'Girl Money': The Viral TikTok Obsession About Exchanging Favors With Friends

In dating, there has been an unspoken traditional rule that, in heterosexual relationships, the man is expected to pay for the date. These days more people believe that the person who suggested the date should pay for the meal. That means, yes ladies, if you asked him out, you should foot the bill. While that romantic hot topic rages on, similar discussions are happening in platonic friendships. If "Sex And The City" has taught us anything, it's that ladies love to brunch and have a boozy gabfest. Sometimes, after a few hours of dishing about your love life, or your favorite new Sephora magnetic eyelashes, a few margarita pitchers have gone down between all of you. So, as in dating, the awkward question inevitably comes up: who's footing the bill for this?

Sure, you could whip out your calculator and attempt to split the bill evenly down the middle, but then one of your besties might get their back up over having to pay for alcohol that they didn't drink. Luckily, a viral TikTok video seems to have the answer to this. User Evie Del Campo's #GirlMoney hack, which merges economics with friendship, has been liked over 250,000 times on the platform, and according to her, there are no financial boundaries and "numbers don't exist" when it comes to paying for things with her friends. 

Take turns covering the bills

There are entire Quora threads of people wondering what to do when it comes to splitting the bills amongst friends. When you and your bestie are spending a weekend together, going to the club, going to concerts, having dinner and drinks, it would be easy for one person to cover it all, and the other to just e-transfer their half via Venmo. But in her viral Tiktok, user Evie Del Campo writes in a text overlay, "Ya'll got it wrong. Girl money is not Venmoing back and forth." On the contrary, when it comes to you and your pals, you should just take turns footing the bill, rather than counting everything down to the penny, according to Del Campo. "I paid for coffee? Bestie pays for Sonic later that night. She paid for dinner? Breakfast is on me. If she drives, I cover Starbucks. Numbers don't exist, we just trust everything will even out over time."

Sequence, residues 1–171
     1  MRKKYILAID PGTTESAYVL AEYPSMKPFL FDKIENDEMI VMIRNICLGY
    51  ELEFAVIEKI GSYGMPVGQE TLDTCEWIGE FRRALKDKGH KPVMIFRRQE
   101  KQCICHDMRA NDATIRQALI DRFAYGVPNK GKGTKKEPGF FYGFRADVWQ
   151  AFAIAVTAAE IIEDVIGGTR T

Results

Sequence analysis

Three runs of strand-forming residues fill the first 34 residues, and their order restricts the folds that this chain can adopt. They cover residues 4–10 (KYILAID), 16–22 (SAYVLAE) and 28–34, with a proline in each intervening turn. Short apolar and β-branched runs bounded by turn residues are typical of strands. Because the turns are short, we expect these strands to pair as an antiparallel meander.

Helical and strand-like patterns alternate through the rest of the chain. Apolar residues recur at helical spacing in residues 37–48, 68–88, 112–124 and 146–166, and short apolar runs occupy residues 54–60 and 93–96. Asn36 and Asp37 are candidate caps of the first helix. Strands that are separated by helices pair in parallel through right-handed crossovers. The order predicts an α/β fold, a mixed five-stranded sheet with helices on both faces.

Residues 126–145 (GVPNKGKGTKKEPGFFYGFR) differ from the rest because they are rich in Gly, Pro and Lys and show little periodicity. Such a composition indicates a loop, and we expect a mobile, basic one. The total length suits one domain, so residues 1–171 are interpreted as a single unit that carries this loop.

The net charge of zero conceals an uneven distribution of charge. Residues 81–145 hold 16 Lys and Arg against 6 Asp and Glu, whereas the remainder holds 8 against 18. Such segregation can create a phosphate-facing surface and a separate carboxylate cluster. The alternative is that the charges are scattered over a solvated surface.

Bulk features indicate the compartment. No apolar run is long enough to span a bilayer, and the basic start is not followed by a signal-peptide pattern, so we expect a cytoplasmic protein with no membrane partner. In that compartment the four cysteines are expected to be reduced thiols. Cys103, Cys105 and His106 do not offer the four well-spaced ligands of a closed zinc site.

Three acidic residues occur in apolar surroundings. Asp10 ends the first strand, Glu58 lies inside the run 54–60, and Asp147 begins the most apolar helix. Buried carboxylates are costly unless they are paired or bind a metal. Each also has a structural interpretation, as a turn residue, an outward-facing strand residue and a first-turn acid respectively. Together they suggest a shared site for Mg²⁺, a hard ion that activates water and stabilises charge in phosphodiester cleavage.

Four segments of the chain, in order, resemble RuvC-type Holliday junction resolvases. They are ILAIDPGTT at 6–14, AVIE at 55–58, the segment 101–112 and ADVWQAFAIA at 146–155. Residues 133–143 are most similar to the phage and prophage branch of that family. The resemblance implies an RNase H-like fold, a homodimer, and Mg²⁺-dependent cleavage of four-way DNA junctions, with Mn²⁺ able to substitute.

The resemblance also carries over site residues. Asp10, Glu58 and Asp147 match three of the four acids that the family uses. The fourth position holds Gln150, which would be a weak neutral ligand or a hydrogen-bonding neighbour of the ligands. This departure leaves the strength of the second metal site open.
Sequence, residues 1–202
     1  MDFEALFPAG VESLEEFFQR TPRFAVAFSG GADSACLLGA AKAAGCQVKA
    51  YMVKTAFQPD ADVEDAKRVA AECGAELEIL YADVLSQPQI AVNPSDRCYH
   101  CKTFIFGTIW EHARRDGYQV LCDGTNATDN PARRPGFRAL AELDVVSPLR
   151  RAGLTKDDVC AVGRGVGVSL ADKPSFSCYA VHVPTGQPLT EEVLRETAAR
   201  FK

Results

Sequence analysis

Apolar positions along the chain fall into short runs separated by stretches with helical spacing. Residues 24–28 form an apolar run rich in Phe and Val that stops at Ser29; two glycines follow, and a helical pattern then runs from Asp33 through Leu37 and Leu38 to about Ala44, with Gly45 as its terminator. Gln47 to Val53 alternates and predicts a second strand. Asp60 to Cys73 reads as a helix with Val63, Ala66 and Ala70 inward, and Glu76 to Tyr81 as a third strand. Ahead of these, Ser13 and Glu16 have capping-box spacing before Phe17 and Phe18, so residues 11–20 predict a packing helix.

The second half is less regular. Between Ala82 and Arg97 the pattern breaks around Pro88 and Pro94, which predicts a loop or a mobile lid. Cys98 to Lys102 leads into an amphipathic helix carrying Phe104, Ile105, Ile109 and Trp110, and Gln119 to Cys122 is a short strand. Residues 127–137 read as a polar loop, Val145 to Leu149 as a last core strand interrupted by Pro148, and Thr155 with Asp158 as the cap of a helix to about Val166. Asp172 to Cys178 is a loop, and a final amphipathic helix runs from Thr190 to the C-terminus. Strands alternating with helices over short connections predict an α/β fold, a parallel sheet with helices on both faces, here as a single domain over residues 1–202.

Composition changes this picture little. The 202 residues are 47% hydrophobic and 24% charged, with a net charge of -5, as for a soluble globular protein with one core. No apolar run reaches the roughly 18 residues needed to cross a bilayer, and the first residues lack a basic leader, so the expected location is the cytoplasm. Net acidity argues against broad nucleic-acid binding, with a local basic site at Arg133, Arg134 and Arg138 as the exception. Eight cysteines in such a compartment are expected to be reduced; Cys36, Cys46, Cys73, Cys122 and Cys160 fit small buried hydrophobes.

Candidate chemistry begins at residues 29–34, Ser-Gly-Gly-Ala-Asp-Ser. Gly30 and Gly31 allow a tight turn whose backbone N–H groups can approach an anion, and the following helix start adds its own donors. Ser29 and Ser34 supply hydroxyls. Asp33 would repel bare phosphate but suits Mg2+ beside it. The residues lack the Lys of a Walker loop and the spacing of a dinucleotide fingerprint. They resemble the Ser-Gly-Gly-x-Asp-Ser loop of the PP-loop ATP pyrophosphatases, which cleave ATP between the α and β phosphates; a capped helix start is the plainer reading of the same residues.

She's not alone in thinking this. If her comments section weren't indicative enough that people absolutely love this idea of reciprocation, it's also considered good manners according to the Miss Manners column. Answering a letter in The Spokesman-Review, Miss Manners writes, "Strict accounting is unseemly, and splitting each bill leads to pettiness along the lines of 'You had dessert but I didn't,' 'But you took bites from mine,' which is conducive to neither friendship nor romance. Also, people have different resources, so the style and cost needn't be equivalent."

Your friendship is about experiences, not dollars

What we love about this girl money idea is that it doesn't feel petty or penny-pinching, especially with your closest pals. Those feelings of needing to split everything down to the last penny or only paying for what you ordered can be socially tacky. This idea of, "You got the last one, so I'll get this one," just emotes more generosity, compassion, and kindness. And like one of the comments under Evie Del Campo's video attests to "It's about trading experiences, not numbers."

Professor and author Dr. Dan Ariely agrees, writing in his best-selling book "Predictably Irrational," that "one person should pay the entire bill, and that the people involved should take turns paying over time. Here is the logic: When we pay — regardless of the amount of money — we feel some psychological pain, which social scientists call the 'pain of paying.' This is the unpleasantness associated with giving up our hard-earned cash, regardless of the circumstances" (via Barking Up The Wrong Tree). He concludes, "The general point is this: we all love getting our meals for nothing, and as long as we can alternate payers, we can enjoy many free! dinners and derive greater overall benefit from our friendships in the process..."

So the next time your bestie buys the drinks at the bar, be sure to pay for the taxis home and remember it's not about who paid more for what. It's about sharing experiences with those you love most.